The following working group members are consultants, advisory committee members, or receive honoraria, fees for service, or travel assistance (independent of research related meetings) from, or have research or other associations with the organisations listed: Roger Allan—Merck Sharpe & Dohme, Sanofi; Con Aroney—CSL, Merck Sharpe & Dohme, Sanofi-aventis; Phil Aylward—Sanofi-aventis, Pfizer, Merck, Bristol-Myers Squibb, Boehringer Ingelheim, AstraZeneca, Procter & Gamble, Eli Lilly, The Medicines Co, Servier, CSL, Schering Plough; David Brieger—Aventis, Sanofi, Boehringer Ingelheim, Merck Sharpe & Dohme; Alex Brown—National Heart Foundation of Australia, Australian Indigenous Doctors' Association, Alice Springs Hospital Management Board, Bristol-Myers Squibb, Pfizer; Gerard Carroll—Aventis, Bristol-Myers Squibb, AstraZeneca, Merck Sharpe & Dohme, Servier, Solvay, Roche; Derek Chew—Merck Sharpe & Dohme, Sanofi, Pfizer; Ian Jacobs—St John Ambulance, Australian Government Department of Health and Ageing, Convention of Ambulance Authorities Australia, National Health and Medical Research Council, Laerdal Foundation, National Heart Foundation of Australia, Health Department of Western Australia; Anne-Maree Kelly—Proctor & Gamble/Alexion, Boehringer Ingelheim; Shiong Tan—Health Department of Western Australia (Office of Safety & Quality and Sentinel event review group), Royal Australian College of General Practitioners (Quality Care National Standing Committee), National Prescribing Service (Director), Royal Australian College of General Practitioners (WA) Faculty (Director); Andrew Tonkin—AstraZeneca, Bristol-Myers Squibb, Pfizer, Sankyo, Fournier, Servier, Merck Sharpe & Dohme; Warren Walsh—Roche; Harvey White—The Medicines Company, AstraZeneca, Aventis, Bayer, Boehringer Ingelheim, Eli Lilly, Merck Sharpe & Dohme, Novartis, Pfizer, Roche, Servier, Wyeth Ayerst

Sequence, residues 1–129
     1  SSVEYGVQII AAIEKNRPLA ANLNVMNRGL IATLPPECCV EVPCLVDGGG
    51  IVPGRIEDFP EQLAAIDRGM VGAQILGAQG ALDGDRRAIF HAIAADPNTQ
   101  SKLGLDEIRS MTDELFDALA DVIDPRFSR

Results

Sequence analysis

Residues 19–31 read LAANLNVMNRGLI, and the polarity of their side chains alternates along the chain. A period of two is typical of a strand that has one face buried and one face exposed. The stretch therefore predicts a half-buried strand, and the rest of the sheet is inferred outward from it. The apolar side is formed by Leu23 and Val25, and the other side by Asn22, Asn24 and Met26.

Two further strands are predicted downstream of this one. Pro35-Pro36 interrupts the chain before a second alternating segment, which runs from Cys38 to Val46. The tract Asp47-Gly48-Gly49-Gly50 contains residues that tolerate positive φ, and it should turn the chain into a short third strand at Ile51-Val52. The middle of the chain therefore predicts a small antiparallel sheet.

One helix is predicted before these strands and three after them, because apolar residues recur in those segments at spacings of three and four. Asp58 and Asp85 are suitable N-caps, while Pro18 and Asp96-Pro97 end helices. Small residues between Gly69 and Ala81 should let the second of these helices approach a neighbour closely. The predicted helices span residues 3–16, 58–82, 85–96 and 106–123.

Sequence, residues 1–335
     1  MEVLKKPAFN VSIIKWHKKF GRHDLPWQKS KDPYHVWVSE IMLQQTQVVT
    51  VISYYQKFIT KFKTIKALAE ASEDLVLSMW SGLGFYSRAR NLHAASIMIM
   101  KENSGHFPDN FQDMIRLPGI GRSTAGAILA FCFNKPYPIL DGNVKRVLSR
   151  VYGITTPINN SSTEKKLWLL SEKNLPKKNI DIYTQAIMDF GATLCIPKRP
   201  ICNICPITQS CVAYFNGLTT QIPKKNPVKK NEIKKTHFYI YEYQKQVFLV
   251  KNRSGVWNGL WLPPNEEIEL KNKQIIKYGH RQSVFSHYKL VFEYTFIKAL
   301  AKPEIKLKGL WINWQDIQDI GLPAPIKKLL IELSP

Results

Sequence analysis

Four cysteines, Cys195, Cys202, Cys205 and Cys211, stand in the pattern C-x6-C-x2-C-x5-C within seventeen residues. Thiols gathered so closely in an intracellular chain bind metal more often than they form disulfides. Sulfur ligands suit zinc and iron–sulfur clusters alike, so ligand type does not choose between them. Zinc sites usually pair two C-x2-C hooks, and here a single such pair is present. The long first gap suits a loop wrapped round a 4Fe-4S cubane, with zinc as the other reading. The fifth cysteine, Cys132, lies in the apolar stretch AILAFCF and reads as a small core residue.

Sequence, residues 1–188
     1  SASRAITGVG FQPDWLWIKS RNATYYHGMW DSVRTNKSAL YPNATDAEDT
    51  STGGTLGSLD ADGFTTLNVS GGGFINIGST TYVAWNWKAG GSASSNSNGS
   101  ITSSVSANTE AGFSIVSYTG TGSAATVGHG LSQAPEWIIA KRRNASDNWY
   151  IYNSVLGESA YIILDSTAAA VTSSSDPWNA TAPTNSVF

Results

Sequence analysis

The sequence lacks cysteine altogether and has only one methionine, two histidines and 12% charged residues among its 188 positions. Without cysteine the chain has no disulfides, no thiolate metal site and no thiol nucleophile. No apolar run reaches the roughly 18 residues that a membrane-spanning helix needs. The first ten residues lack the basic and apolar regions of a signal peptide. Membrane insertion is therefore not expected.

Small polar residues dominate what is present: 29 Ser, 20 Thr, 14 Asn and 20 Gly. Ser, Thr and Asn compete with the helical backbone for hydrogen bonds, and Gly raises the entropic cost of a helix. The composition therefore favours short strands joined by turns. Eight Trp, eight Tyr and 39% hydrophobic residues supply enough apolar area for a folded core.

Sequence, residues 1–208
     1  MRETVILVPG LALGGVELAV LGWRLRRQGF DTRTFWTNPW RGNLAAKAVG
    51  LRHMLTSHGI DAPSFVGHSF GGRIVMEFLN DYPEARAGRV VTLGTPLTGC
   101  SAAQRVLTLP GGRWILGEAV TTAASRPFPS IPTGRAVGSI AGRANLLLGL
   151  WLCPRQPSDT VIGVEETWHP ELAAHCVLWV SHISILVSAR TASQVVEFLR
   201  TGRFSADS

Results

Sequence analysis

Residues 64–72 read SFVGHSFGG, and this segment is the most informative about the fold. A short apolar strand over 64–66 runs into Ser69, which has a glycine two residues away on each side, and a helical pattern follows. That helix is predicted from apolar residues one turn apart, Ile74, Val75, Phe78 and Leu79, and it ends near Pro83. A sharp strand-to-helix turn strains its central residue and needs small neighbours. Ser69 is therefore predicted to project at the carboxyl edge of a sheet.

Constantine Aroney has received speaker fees from CSL. Philip Aylward has received research honoraria, speaker fees or travel assistance from TIMI Group (Harvard University), VIGOUR Group (Duke University), Pfizer, AstraZeneca, Eli Lilly, Boehringer Ingelheim and Sanofi-Aventis, and is a member of advisory boards to AstraZeneca, Sanofi-Aventis, Eli Lilly, CSL, Boehringer Ingelheim, and Pfizer. Derek Chew has received speaker fees from CSL and Sanofi-Aventis. Anne-Maree Kelly is a member of an advisory board to Sanofi-Aventis. Harvey White has received research grants, consulting fees or speaker fees from Sanofi-Aventis, Eli Lilly, Medicines Company, NIH, GlaxoSmithKline, Pfizer, Roche, Johnson & Johnson, Schering-Plough, Merck Sharpe & Dohme, Novartis, AstraZeneca, Boehringer Ingelheim, Servier Laboratories, Wyeth Ayerst, and Bayer